PHYLLIS ODESSEY

Miner’s Gold

Barbara Damrosch
From The Ground Up:  Gardens Re-Imagined
February 18, 2010
New York Botanical Garden
Part II
Barbara Damrosch was asked at the end of her talk at NYBG, why she revised her classic book,  
The Garden Primer 
Her answer:  I’ve managed to learn a few things in 20 years.  The new book is 100% organic, includes new varieties, talks about invasive plants, and 
how to extend the season.
 
One of the new varieties Damrosch introduced me to was Miner’s Lettuce (Claytonia perfoliata).  Also known as Winter purslane, Spring Beauty, Cuban Spinach, Cuban Lettuce, Spanish Lettuce and Indian Lettuce.

A native plant from California, many people believe that it is one of few American plants to travel to Europe, where it was introduced in 1749 and widely naturalized.  It can still be found under the name Winter purslane.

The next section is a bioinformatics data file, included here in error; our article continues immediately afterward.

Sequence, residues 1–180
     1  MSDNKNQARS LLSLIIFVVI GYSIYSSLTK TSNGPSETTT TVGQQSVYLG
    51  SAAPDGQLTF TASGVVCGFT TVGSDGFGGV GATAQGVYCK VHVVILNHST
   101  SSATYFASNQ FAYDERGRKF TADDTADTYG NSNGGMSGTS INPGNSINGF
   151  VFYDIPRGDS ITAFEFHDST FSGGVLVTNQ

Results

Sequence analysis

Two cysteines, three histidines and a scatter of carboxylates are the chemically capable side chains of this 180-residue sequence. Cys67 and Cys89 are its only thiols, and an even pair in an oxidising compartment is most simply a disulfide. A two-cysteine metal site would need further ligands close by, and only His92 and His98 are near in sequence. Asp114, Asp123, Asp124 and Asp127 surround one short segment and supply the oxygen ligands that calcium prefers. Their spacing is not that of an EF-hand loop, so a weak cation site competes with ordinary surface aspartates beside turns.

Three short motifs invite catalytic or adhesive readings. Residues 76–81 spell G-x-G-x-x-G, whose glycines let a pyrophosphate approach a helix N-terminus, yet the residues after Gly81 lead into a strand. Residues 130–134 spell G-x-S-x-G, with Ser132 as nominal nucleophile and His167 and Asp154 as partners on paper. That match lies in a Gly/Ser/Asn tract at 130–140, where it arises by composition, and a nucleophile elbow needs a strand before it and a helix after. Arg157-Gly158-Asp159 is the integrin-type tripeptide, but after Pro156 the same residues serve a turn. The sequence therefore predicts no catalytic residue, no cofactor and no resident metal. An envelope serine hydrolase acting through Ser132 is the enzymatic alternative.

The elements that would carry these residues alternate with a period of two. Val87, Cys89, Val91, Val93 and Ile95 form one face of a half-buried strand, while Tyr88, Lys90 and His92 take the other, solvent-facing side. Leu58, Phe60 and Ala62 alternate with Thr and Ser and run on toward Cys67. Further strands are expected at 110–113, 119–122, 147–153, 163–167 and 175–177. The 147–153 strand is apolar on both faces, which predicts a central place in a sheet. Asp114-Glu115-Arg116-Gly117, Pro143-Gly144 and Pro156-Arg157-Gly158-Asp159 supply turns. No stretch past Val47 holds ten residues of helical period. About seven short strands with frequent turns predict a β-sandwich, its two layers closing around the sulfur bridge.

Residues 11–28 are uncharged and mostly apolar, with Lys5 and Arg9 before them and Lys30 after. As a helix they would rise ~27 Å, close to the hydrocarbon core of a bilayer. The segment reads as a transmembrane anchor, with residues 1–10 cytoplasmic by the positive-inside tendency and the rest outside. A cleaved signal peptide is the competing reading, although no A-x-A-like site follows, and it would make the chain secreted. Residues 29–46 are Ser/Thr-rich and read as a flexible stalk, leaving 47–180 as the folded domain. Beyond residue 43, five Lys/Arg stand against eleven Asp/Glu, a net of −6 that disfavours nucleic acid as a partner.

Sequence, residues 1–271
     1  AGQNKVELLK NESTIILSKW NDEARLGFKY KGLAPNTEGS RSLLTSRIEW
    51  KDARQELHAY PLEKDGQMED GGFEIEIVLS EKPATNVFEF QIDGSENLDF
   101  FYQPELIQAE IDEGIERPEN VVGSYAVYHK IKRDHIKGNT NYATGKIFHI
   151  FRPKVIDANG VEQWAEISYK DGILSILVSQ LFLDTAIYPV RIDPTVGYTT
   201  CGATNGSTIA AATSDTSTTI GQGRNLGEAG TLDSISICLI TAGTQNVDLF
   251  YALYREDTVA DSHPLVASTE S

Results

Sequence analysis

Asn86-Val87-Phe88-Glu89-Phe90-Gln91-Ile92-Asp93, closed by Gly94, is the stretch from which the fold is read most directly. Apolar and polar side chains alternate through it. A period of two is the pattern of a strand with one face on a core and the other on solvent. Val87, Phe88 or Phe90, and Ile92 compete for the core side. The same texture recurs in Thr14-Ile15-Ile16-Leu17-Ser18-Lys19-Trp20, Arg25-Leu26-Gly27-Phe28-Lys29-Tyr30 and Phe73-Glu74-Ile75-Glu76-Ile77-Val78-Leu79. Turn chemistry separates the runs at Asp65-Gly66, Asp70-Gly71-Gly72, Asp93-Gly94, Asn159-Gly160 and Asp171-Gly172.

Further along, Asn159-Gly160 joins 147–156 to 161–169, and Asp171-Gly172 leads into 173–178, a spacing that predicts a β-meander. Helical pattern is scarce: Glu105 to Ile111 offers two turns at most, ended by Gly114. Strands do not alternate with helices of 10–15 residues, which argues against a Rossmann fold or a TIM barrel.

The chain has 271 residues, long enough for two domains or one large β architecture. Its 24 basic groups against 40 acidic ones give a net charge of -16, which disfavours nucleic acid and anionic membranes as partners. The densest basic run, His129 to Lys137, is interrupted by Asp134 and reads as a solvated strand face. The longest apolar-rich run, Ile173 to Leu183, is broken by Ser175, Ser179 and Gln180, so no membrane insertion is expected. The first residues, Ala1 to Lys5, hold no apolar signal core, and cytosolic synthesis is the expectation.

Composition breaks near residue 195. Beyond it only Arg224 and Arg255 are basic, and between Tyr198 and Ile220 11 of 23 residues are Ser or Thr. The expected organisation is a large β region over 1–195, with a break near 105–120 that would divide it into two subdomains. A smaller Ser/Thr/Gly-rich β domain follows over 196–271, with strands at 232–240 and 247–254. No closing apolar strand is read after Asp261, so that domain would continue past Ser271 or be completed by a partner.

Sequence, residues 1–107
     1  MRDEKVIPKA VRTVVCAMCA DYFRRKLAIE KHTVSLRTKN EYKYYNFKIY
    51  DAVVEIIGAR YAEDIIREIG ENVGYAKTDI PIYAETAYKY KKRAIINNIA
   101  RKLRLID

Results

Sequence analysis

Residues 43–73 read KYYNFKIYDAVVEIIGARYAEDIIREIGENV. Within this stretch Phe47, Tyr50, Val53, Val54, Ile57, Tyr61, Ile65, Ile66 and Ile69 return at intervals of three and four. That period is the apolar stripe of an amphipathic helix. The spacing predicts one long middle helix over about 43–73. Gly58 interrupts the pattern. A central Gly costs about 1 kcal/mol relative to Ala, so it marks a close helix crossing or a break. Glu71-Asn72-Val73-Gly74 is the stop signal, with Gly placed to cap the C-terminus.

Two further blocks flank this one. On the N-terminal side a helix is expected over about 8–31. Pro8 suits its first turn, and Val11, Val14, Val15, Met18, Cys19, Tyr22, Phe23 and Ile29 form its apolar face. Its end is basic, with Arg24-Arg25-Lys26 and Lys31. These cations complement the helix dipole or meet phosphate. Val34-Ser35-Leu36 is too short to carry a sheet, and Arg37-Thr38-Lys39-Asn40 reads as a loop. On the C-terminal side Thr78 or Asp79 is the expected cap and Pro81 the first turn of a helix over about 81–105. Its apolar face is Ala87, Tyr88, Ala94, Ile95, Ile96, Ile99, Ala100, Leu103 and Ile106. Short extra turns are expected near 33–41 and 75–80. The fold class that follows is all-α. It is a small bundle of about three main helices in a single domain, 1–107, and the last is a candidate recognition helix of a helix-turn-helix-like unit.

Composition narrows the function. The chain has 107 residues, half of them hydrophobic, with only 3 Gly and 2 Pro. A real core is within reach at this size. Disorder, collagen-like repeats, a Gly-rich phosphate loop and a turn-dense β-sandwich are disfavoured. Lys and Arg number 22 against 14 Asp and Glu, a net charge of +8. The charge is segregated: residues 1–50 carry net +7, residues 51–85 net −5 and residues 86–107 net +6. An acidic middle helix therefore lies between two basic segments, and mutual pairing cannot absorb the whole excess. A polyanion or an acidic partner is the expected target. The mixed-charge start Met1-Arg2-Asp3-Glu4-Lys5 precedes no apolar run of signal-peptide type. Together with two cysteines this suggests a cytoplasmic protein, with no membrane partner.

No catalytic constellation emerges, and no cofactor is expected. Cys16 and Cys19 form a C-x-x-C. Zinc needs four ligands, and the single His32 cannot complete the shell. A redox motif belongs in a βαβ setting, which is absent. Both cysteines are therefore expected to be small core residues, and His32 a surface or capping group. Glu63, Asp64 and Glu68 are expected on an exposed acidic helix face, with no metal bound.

Called Indian lettuce by some, the American Indians ate it raw, cooked and made a tea from the plant.

The term “miner’s,” comes from the gold-rush era when this green was served to miner’s:  it was inexpensive and readily available, but also a good source of Vitamin C.   
 
Barbara suggested using it in salads.  It is best picked when budded or blooming before seeds form. 
The temperature is rising, so my spirits are soaring. I intend to reap what I sow:  miner’s lettuce.

Barbara mentioned Johnny’s seeds often as a good source for seeds and tools.  A small disclaimer, her husband, Eliot Coleman sells many of the tools he has invented through Johnny’s seeds.  However,
I think I will switch to Johnny’s for the following reason, it is a worker owned business with good prices.
http://www.johnnyseeds.com
http://www.fourseasonfarm.com is Barbara and Eliot’s farm in Maine.

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